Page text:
How well does government balance off the costs and benefits of its regulation? I would argue not very well. Indeed, in the context of people getting upset about having to sit on airplanes, I would argue that there is no reason for government regulation. How much do passengers want to get to their destination? How upset are they by sometimes having to wait on the runway in a plane? How much does it raise the price of fares to have trips cancelled so as to avoid getting people stranded? Airlines compete against each other for passengers. Airlines compete on numerous dimensions, including avoiding having people stranded on runways. If the airlines don't get the tradeoffs on these dimensions right, passengers will fly on other airlines. To use economic jargon, there is no externality problem here. Fox News has the story here
Charges have been flying that airlines prematurely canceled flights ahead of the East Coast snowstorm because of new rules fining airlines for leaving planes standing idle on tarmacs, though transportation experts say that such claims are impossible to quantify.
In April, new rules went into effect that threatened airlines with a $27,500 per passenger fine if their planes didn't take off within three hours after pulling out to the tarmac. The move was aimed at reducing a spate of horror stories from people stuck in claustrophobic conditions on planes without access to bathrooms, water or food.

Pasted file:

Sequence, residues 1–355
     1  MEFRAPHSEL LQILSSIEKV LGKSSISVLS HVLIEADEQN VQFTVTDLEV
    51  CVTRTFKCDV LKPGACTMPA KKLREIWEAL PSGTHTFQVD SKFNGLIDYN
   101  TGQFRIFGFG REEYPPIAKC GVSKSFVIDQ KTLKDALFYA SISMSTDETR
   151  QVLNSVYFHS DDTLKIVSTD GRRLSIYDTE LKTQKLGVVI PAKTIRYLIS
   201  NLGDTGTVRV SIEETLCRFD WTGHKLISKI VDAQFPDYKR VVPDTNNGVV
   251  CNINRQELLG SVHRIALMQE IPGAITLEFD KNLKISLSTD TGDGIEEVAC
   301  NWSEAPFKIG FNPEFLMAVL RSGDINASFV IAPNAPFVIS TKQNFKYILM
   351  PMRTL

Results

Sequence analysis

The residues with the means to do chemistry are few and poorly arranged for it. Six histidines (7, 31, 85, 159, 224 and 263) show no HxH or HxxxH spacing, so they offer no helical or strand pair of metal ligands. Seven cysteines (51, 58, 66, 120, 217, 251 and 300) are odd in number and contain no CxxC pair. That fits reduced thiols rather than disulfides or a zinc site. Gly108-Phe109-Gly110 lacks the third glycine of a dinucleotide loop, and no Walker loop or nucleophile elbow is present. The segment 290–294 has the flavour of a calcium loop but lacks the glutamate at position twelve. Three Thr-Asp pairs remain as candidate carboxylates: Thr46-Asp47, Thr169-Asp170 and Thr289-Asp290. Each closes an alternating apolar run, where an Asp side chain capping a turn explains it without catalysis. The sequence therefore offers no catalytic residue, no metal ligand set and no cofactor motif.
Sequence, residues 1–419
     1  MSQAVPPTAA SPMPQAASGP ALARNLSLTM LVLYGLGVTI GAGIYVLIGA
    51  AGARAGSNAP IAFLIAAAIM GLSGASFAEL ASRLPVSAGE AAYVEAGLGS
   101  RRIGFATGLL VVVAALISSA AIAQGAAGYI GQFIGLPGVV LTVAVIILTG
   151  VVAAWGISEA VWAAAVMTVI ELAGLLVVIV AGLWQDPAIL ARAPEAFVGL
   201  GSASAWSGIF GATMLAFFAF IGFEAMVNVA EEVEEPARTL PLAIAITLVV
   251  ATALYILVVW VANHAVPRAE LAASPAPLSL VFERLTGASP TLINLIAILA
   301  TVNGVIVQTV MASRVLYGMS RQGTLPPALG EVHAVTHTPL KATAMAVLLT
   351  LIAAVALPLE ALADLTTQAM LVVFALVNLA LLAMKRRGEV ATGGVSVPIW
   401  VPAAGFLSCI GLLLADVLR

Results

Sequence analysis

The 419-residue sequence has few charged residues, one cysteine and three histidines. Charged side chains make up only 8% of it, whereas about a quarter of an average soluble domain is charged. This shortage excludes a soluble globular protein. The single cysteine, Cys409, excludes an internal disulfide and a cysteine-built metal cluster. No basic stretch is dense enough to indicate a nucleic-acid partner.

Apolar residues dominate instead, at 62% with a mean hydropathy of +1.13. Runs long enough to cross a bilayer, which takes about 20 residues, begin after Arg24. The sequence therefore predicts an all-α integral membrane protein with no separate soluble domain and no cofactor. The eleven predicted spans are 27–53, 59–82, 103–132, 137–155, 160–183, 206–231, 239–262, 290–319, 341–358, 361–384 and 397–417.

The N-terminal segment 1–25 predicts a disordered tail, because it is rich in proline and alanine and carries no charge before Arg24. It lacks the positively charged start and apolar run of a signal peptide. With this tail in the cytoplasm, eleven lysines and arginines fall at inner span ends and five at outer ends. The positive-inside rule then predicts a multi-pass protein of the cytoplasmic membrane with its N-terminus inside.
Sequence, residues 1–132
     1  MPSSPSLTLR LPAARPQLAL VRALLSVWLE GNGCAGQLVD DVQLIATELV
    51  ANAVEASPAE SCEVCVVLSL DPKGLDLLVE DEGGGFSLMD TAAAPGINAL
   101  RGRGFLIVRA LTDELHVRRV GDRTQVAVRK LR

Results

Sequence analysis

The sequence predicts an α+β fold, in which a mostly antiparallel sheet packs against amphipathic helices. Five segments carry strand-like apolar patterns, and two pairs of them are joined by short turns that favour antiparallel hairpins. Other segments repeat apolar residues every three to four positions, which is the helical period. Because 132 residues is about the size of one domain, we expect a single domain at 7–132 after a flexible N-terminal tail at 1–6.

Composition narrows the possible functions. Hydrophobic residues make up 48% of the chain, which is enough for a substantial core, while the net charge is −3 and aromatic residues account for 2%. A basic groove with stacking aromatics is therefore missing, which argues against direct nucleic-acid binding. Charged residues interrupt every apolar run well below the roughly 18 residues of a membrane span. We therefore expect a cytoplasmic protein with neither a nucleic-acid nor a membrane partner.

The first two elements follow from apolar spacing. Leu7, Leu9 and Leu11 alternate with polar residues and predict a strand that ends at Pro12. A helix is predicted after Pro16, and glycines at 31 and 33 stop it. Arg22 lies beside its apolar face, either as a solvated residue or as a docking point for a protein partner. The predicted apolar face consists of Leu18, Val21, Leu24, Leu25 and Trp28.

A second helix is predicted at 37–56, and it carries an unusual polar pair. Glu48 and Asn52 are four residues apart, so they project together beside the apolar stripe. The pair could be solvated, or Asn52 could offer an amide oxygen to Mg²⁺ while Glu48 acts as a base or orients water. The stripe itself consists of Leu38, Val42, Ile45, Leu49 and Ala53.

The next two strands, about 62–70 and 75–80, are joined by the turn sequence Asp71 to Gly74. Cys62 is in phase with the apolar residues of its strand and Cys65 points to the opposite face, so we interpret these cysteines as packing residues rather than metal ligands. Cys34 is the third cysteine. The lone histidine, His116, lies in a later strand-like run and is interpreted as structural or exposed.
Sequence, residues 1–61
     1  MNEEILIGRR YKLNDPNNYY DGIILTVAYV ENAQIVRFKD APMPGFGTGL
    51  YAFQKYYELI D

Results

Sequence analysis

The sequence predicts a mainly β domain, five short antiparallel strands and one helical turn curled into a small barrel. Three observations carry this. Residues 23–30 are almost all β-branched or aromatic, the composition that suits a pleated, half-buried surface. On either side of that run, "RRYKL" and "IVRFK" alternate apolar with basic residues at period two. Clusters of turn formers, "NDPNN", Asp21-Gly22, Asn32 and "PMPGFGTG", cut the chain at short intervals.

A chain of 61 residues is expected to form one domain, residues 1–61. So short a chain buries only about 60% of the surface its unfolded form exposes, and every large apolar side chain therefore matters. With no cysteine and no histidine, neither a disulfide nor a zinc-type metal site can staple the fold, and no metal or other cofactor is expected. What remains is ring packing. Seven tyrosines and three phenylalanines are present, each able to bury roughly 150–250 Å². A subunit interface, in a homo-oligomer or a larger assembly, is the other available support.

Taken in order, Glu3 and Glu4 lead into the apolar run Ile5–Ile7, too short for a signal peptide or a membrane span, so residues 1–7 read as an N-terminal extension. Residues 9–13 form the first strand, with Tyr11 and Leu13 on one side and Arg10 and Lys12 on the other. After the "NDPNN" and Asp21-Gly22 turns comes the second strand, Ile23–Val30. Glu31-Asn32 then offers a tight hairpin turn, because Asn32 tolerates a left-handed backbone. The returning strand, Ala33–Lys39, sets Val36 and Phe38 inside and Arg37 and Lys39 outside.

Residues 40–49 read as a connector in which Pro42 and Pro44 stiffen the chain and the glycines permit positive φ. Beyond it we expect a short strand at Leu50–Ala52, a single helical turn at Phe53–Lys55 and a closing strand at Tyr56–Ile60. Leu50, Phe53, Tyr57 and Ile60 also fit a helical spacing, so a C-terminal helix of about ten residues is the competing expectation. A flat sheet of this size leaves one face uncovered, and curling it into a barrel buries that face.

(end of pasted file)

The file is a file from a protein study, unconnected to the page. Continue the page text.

The regulation seems to have had its desired effect. According to the Department of Transportation, since new rules were enacted in late April, the number of tarmac delays over three hours has dropped considerably. From May to September 2009, 535 tarmac delays over three hours were reported; in May through September this year, the number was 12.
But after an East Coast storm threatened to ravage New York area and other airports, hundreds of flights to and from the region were cancelled – several even before the snow started to fall -- and complaints are mounting that the airlines were deserting their customers for fear of racking up fines.
"There's no doubt about it, airlines (were) pre-emptively canceling flights because they don't want to be stuck paying $27,000 per passenger," said Vaughn Cordle of Airline Forecasts.
"I think it's safe to say that there are many passengers who would have reached their destination, albeit with non-trivial delays, had the ... ruling not be in effect," said Amy Cohn, an associate professor of industrial and operations engineering at the University of Michigan and an affiliate at MIT's Global Airline Industry Program. . . . .
Labels: airlines, Regulation